Beijing’s tightened grip on the rampant abuse of UnionPay International’s card system has yet to see any effect in Macau. In fact, authorities are reporting that the number of unauthorized transactions using cards from the mainland China’s bank has almost doubled in the first half of 2016.
Between January and June, the Judiciary Police (PJ) calculated a total of MOP2.1 billion (USD262.5 million) worth of illegal transactions in the territory, Portuguese news agency Lusa reported. The amount is almost double the MOP1.22 billion (USD153 million) calculated for the full year of 2015.
For the first half of 2016, PJ opened a total of 12 probes into cases involving money transactions using unregistered UnionPay point of sale (POS) terminals. All of the cases were sent to the Public Prosecutions Office for further action, according to the news outlet.
Police have identified 31 people in connection with the investigation—22 of whom were from mainland China. Authorities also seized 22 POS units that they believed have been tampered so that the UnionPay network will identify them as being registered an operated in mainland China, where transactions fees are much lower compared to Macau.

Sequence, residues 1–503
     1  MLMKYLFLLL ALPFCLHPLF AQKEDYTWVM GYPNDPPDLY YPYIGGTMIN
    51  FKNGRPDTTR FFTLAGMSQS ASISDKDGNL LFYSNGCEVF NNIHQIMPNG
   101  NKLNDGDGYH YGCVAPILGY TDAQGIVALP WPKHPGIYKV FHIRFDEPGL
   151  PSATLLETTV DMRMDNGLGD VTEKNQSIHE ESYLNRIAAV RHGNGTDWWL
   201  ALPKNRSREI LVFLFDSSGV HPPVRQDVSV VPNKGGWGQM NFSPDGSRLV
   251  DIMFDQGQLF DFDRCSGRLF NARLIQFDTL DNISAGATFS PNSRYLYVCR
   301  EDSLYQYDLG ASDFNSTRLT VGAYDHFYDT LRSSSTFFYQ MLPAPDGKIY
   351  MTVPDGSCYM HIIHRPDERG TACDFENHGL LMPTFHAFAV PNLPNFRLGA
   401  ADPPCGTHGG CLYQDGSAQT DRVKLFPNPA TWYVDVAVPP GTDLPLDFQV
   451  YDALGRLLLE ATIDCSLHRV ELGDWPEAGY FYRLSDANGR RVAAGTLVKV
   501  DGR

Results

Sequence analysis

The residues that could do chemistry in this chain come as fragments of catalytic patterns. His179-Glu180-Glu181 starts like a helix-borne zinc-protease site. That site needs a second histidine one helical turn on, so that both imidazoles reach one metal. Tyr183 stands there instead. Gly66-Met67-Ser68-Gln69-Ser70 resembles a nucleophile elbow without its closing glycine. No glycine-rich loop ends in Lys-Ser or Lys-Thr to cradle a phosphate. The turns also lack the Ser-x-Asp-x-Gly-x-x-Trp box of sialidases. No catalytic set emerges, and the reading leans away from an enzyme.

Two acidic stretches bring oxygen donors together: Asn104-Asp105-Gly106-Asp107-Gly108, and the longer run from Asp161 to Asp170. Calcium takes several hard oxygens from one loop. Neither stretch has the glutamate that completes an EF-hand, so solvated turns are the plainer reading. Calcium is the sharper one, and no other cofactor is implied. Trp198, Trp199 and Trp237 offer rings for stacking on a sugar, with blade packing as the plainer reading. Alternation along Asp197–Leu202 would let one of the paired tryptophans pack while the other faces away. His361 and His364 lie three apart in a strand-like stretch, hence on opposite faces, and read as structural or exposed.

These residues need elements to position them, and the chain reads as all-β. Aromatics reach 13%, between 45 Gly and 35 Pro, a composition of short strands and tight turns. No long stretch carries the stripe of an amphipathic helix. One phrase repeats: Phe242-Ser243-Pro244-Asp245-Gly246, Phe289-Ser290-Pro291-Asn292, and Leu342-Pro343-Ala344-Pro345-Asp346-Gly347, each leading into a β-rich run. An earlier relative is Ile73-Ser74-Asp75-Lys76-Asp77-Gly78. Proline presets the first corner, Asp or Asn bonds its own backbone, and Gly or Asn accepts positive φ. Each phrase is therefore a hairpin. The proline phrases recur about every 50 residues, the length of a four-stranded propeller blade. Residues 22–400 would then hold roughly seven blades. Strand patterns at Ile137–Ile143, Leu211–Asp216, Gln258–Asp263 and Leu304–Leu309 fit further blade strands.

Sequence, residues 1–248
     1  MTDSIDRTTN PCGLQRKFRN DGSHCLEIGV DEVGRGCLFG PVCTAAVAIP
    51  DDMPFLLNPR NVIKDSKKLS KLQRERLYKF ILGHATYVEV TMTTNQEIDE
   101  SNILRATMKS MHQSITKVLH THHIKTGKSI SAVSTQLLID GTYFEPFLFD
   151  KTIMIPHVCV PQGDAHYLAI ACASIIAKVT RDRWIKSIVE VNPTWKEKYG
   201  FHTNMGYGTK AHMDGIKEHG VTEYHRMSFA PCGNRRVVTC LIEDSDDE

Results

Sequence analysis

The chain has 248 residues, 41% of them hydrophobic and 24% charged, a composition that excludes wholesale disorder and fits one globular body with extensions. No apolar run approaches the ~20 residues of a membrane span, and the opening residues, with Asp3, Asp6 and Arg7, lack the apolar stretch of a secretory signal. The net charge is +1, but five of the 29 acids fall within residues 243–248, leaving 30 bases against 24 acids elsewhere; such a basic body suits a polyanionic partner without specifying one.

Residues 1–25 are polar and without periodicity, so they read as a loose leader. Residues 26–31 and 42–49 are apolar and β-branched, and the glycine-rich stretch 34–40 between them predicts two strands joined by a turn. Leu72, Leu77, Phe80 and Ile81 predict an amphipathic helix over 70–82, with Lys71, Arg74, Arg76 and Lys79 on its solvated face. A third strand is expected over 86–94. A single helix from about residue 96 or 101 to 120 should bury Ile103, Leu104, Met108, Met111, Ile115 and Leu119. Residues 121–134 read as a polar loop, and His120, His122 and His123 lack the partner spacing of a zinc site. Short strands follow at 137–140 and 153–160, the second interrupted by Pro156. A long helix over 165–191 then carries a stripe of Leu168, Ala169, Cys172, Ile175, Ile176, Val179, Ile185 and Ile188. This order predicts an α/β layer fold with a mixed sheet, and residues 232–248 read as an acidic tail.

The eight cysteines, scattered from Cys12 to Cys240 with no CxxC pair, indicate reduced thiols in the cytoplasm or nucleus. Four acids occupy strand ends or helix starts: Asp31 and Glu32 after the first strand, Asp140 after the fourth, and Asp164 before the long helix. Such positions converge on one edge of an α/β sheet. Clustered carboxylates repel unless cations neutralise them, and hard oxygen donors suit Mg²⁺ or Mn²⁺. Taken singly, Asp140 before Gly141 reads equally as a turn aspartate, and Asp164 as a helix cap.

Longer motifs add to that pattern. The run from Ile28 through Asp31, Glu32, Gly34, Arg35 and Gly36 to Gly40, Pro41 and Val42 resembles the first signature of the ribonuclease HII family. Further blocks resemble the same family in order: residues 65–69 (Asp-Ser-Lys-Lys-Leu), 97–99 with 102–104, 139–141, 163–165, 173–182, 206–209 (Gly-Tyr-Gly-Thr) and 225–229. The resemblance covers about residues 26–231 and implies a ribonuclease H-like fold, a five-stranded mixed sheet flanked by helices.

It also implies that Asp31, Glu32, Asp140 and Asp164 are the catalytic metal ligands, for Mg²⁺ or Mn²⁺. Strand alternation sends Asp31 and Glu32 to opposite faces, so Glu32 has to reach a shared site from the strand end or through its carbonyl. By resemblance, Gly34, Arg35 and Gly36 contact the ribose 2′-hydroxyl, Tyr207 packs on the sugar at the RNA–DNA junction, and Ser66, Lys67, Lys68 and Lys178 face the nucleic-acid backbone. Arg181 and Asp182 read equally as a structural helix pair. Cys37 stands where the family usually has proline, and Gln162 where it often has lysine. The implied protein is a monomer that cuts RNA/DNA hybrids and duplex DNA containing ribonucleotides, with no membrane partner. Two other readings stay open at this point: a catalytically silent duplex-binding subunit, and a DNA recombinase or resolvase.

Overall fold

China has been trying to crack down on illicit money channeled through Macau’s casinos for more than a year. In December, the Monetary Authority of Macau (AMCM) started monitoring mainland bank cards on real time to combat “illegal cross-border financial activities and money laundering.”
Pawnshops in Macau are infamous for deriving a huge chunk of their business volume through transactions that disguise cash advances as product purchases. Other scams involve the actual purchase of a high-value item via UnionPay, after which the customer returns the items in exchange for cash.
In 2015, PJ investigated a total of 30 cases related to unauthorized UnionPay use. The transactions were worth an estimated MOP1.22 billion.
China’s UnionPay, on the other hand, have started required holders of China-issued cards to submit a proof of their identity, which will be scanned before their purchase is confirmed. According to a GGRAsia report, the real-time monitoring system was “implemented on high-risk merchants near casinos, most of which are jewelry and watches merchants.”